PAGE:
General Data Protection Regulation (or GDPR as it is widely known) is a new set of standards designed to strengthen the control individuals have over their personal data.
From May 2018 it will be a legal requirement for all companies to adhere to the regulations in place, or face a heavy fine up to €20 million or 4% of a company’s global annual income (whichever is the larger amount). In short, you don’t want to be getting this wrong.
Data is everything in marketing and advertising. It gives an insight into the consumer; who they are, what they like, and what they want from a company. But in a world where “data is the new oil”, here’s a few points for marketers to bare in mind:
Under European Parliament, GDPR will protect personal data for all individuals within the European Union (EU). This includes the export of personal data outside of the EU.
Personal data can be anything relating to an individual within their private, personal, or public life. This includes names, photos, posts on social media sites, or a computer’s IP address.
A Quick Summary
The data subject (individual consumer) must explicitly opt-in to allow personal data to be processed - pre-ticked boxes, or assumption consent is given by default will not be sufficient.
Organisations will need to be specific about what will happen with the data.
A data subject has the right to withhold consent for their data to be processed, and the organisation should not stop them from using a service if they choose to do so.
The tracking of consent is mandatory. The data controller (organisation that collects the data) must know when consent was given.
Data subjects have the right to access information collected about them and a “right to explanation”, in which they can ask why an algorithmic decision was made about them.
Organisations must appoint a Data Protection Officer, who has the responsibility of ensuring the organisation is in compliance of GDPR.
3. The possibility of “slowing- down”
A couple of decades ago, data in marketing and advertising referred to simple things like demographics and response rates. Fast-forward to today, we live in an interconnected world where information is everywhere. Directing and capturing this data enables businesses to build brands, and drive development and sales.
A recent study by DataMeer found that customer analytics made up 48% of big data use in sales and marketing. This plays an important role in the prediction of customer behaviour. Marketers can target ads to an individual knowing information such as their annual salary, their internet browsing habits and loyalty data. This allows marketers to get beyond campaign execution and focus on customer relationship management (CRM).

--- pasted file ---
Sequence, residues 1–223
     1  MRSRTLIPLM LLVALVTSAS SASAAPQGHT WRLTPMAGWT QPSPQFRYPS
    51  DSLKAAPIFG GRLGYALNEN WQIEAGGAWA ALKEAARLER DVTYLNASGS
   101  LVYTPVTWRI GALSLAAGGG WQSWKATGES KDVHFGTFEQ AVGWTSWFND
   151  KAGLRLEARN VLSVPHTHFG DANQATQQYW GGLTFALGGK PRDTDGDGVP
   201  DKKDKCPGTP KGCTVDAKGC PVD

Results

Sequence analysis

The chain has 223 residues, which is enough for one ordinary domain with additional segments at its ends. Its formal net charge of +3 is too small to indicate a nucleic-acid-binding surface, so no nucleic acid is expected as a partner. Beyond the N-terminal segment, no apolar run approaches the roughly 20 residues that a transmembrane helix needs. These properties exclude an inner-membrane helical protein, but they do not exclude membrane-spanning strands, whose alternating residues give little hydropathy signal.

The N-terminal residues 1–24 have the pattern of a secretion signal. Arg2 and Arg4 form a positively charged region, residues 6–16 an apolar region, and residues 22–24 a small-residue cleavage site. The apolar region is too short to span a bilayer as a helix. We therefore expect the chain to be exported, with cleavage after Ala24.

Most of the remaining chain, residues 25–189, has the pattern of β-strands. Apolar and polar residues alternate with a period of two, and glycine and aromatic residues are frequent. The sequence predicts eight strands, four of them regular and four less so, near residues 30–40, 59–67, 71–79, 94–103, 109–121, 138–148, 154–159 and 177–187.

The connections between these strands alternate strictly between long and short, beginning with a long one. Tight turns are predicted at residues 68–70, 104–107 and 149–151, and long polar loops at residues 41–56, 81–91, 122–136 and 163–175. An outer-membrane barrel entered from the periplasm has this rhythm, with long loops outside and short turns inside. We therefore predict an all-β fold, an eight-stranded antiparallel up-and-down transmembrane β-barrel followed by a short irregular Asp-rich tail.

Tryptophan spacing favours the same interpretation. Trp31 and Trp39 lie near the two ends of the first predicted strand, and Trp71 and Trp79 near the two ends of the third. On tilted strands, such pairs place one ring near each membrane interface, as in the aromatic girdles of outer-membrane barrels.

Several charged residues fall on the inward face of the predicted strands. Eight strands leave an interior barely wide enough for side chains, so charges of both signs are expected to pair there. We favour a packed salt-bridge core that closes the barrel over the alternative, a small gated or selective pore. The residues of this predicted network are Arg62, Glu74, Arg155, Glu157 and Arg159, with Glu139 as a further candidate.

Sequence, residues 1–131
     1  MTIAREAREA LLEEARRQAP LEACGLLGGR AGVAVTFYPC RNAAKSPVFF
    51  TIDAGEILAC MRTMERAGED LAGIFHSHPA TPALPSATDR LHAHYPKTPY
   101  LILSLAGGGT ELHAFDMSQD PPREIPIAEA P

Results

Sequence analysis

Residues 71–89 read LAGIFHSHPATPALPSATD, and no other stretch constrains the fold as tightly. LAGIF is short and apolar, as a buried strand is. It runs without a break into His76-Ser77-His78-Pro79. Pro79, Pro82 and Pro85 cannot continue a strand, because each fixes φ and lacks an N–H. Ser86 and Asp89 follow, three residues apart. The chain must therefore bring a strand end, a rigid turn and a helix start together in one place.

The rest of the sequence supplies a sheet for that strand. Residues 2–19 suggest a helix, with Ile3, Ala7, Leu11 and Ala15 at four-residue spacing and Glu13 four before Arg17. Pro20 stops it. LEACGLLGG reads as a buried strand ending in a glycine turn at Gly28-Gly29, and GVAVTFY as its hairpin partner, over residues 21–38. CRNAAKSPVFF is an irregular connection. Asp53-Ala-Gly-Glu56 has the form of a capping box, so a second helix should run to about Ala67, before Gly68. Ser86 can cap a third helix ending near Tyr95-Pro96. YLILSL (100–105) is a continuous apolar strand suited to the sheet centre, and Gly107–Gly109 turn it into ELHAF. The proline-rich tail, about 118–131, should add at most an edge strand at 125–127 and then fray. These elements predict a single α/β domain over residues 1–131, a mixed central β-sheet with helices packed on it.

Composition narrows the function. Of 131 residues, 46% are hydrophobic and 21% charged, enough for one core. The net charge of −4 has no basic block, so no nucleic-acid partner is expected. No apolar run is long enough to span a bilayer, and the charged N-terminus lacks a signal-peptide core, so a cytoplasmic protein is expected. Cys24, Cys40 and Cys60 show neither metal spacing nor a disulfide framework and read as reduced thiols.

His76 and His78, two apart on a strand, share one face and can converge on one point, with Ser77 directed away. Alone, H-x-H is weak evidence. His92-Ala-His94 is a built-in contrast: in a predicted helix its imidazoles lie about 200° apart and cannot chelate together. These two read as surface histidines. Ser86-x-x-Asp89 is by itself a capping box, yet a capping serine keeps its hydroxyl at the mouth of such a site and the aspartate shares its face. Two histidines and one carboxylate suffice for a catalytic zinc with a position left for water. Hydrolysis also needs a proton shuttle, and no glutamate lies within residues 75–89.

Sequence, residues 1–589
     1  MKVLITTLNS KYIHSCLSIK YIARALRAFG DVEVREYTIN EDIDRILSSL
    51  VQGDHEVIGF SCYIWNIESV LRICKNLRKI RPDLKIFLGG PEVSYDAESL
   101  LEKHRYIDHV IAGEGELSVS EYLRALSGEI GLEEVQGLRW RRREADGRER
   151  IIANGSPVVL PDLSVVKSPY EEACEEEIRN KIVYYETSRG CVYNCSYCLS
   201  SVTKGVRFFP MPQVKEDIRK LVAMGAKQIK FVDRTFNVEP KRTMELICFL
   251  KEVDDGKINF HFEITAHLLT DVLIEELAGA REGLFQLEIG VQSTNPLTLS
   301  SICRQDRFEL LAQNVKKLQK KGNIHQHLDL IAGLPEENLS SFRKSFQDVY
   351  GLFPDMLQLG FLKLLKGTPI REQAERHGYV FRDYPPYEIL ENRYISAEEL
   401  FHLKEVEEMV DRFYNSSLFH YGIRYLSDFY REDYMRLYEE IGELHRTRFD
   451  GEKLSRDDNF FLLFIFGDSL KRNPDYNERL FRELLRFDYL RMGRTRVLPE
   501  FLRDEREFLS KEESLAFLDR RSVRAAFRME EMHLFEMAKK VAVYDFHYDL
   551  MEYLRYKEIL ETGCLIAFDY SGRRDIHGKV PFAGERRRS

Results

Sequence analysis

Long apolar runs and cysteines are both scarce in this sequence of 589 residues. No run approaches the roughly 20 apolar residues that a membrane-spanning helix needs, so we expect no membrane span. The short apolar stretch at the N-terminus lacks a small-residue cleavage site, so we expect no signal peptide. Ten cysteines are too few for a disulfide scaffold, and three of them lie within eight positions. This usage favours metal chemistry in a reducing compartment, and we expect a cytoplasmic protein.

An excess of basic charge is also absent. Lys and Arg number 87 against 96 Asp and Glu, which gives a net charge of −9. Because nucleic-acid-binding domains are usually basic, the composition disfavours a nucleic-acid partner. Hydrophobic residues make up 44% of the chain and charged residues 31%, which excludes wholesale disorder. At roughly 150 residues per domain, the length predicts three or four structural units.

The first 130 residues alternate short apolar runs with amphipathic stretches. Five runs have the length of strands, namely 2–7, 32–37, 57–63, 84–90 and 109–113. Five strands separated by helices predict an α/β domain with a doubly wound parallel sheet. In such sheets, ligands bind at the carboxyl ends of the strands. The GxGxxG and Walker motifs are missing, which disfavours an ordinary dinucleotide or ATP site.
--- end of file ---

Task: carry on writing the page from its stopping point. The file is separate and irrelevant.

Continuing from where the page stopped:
However, with GDPR in place there is a possibility there will be a decrease in access to customer data which may “slow down” marketers and restrict their ability to target individual consumers based on personal data collected.
4. Adapt to survive
There’s no doubt that GDPR is going to shake up the digital marketing landscape. So it is important for businesses to ensure they are ready to implement the changes necessary to comply by May.
With the possibility of a slow in the progression of marketing ensure your business is ready to adapt and shift in order to tackle this. Don’t just accept it, do what you can in order to drive business development and sales. Plan ahead.
Determine if and how you will be affected. Analyse your data processes, how data is
Collected - get the specifics of your opt-in statement right
Recorded - this must be provable
Stored - privacy and safety is paramount
Retrieved - the data subject has the right to request access to data stored about them
Disclosed - you must be transparent about who you share details with and share responsibility with any third parties.
Erased - the data subject has the right to be forgotten.
The penalties for non-compliance are significant so it is important to understand and be prepared to meet the requirements. Whilst also striving to excel in business regardless of any new restrictions.
5. Don’t panic
There’s been some scaremongering around the topic of GDPR. The usual offenders, The Sun, posted a catchy headline earlier this year that read “Builders, cleaner and gardeners could face huge fines just for sending an EMAIL to drum up business thanks to draconian EU laws on data protection”.
This reads in line with their usual over exaggerations, and although GDPR is presenting business with the biggest adjustment in data protection laws since The Data Protection Act 1998, it is evident that an update was well overdue.
The individual is at the heart of GDPR, it is afterall, design to protect them. That includes me and you, and everyone you know within the EU.
With all the brilliant things that consumer data can offer the marketing and advertising industry, hackers also have nefarious motives to get their hands on this information. So it’s important to remember that it isn’t about making life difficult for businesses but in the best interest for us all.
It may be a relief to know, the first sanction is a written warning, in the case of non-intentional non-compliance.